- Why read it? Okay, full disclosure here. The author is my husband. I am admittedly biased in his favor. And yet. Don’t take my word for it when I say this is a strikingly helpful book, particularly coming out of an isolating pandemic. Take Dan Pink’s word for it, instead: “Jason Levin compiles wide-ranging research with his own broad experience to demonstrate how we can reconnect with those we’ve known – and then nurture those opportunities to advance our professional and personal lives.” Or Dana Bash’s: “Relationships to Infinity is brilliant in its straightforward explanation for why we need real social connections in our lives and our work, and offers up concrete instructions on how to set and achieve goals for being better about it.” If you’ve ever wondered how to be better at keeping in touch with the people you care about, here’s your manual.
- Favorite quote? “I am not a therapist. However, in my ten years of coaching executives, I have observed a great deal of worry, fear, and guilt when my clients are asked to connect or reconnect with members of their network. They tell me endless stories of all the reasons why someone would NOT want to talk with them. NOT want to help them. They share the guilt they feel about not having done a good job of keeping in touch and not being worthy of a favor. They are crushed by the fear that it might NOT work or they could look weak or silly. When this fear, worry, and guilt combine, I believe my clients enter their personal ‘Bermuda keep-in-touch triangle.’”
Leave Only Footprints: My Acadia-to-Zion Journey Through Every National Park, by Conor Knighton
- Why read it? Did you know that every 4th grader in the United States gets a pass that gives them free access to all of the country’s National Parks for themselves and their families? (The pass lasts from September 1 through August 30 of the 4th grader’s year.) This Every Kid Outdoors program inspired our family to take a cross-country trip in our minivan last summer that covered 8,153 miles and 7 National Parks. (I wrote more about that trip here.) After this adventure, I couldn’t wait to get my hands on more info about all the parks, and I stumbled across this gem. After a breakup with his fiancée, the author, Conor Knighton, decided to see every National Park in the span of a single year. His memoir / travelogue is hilarious, thoughtful, and educational. The photos are incredible, too.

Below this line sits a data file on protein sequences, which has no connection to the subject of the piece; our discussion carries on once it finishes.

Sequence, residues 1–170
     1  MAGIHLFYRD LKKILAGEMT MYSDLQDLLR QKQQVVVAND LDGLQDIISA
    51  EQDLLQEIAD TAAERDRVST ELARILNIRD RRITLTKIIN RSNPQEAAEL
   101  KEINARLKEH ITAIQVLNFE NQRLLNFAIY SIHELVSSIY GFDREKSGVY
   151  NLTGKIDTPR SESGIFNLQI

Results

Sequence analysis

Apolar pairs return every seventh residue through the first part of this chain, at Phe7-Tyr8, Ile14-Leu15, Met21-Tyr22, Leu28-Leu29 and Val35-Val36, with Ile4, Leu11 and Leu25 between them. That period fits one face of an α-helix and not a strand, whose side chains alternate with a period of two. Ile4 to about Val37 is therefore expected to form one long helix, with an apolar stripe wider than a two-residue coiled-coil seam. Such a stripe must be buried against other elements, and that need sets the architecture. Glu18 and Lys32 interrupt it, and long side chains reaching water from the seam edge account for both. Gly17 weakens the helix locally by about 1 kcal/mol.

- Favorite quote? “I also worried that I was just running away from something. It certainly looked like I was. But when I’d flip through the books I’d checked out from the library, marveling at photos of one natural wonder after another, the parks felt more like something I wanted to run toward. I felt drawn to these places: peaks and streams and fields and valleys that had existed for millions of years but had waited until this specific year to turn their siren song on me. Or, in the words of naturalist John Muir, whom I’d started reading voraciously, ‘The mountains are calling and I must go.”
Decoding Boys: New Science Behind the Subtle Art of Raising Sons, by Cara Natterson, M.D.
- Why read it? Because you have a son. Or sons. And you have no idea what’s about to happen to them as they get toward the later years of elementary school! Natterson covers everything from the average age of onset of puberty (yes, around 9!), to the science behind the changes our boys go through, to sexting, body image, addiction, and violence. Best of all, she offers communication strategies and practical suggestions for real-life conversations.